This study constructs a theoretical framework and argument for the development-advancing functions that art education can have during childhood as based on the theories of child development, imagination and art central to the Cultural-Historical Constructivist theory of development of the Russian psychologist Lev Vygotsky. Building on Vygotsky’s theory of development and his definition of imagination this thesis argues that during childhood imagination is in a particularly sensitive and important stage of development. At this stage its growth and ability to influence the development of other functions hinges on the ways children’s activities use and develop their imagination. Visual art education can be understood as one such activity: developing the imagination, and through it, developing the whole psychological system of the child. However, not everything called ‘art education’ for children has the characteristics needed to best develop the imagination. This study will also outline some guiding principles for art curriculum and teaching methods that can, following from Vygotsky’s theory, make art education an activity that fosters development.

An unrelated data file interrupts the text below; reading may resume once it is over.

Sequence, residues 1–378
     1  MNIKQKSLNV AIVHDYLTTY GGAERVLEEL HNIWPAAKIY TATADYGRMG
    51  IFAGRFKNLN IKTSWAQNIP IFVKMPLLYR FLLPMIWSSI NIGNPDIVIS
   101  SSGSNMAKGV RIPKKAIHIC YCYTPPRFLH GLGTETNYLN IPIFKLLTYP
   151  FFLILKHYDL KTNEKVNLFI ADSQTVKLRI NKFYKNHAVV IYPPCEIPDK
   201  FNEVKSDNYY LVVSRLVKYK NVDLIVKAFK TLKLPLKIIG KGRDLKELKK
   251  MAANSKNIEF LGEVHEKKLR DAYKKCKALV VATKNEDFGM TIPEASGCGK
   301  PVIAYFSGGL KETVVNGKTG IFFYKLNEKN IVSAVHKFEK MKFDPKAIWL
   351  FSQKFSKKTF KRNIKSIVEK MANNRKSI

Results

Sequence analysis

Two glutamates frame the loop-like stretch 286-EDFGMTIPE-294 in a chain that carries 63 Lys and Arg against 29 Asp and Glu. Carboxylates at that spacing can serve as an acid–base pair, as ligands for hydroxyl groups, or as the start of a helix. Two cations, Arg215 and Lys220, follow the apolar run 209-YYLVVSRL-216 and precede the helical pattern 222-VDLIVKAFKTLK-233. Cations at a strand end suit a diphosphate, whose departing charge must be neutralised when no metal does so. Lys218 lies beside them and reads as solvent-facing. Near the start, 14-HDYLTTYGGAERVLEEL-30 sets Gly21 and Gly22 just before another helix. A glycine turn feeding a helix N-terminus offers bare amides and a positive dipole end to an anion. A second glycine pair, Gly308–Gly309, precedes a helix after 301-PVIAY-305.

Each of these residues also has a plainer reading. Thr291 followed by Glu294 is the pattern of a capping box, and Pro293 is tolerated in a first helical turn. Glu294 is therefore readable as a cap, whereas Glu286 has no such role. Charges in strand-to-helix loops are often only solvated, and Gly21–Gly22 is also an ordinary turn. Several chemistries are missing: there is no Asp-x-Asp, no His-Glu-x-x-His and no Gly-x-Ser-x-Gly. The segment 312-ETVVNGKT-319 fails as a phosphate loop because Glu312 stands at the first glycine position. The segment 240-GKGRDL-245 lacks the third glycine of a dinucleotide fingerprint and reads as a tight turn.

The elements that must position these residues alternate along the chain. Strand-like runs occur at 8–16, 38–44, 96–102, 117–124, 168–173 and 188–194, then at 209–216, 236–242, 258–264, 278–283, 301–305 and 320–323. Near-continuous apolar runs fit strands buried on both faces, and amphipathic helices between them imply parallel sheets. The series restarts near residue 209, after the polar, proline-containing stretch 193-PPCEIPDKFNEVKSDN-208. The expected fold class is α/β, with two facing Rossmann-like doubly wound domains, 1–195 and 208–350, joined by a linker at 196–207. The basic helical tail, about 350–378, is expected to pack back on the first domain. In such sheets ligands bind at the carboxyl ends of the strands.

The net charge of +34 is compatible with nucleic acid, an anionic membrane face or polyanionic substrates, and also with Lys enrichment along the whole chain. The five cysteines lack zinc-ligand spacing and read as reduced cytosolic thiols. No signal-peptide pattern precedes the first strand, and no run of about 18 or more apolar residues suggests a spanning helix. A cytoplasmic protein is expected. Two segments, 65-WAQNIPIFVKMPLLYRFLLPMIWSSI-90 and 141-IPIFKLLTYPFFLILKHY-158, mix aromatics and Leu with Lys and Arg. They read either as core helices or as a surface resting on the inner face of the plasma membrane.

Copyright is held by the author.
The author granted permission for the file to be printed and for the text to be copied and pasted.
Supervisor or Senior Supervisor
Thesis advisor: O'Neill, Susan
Member of collection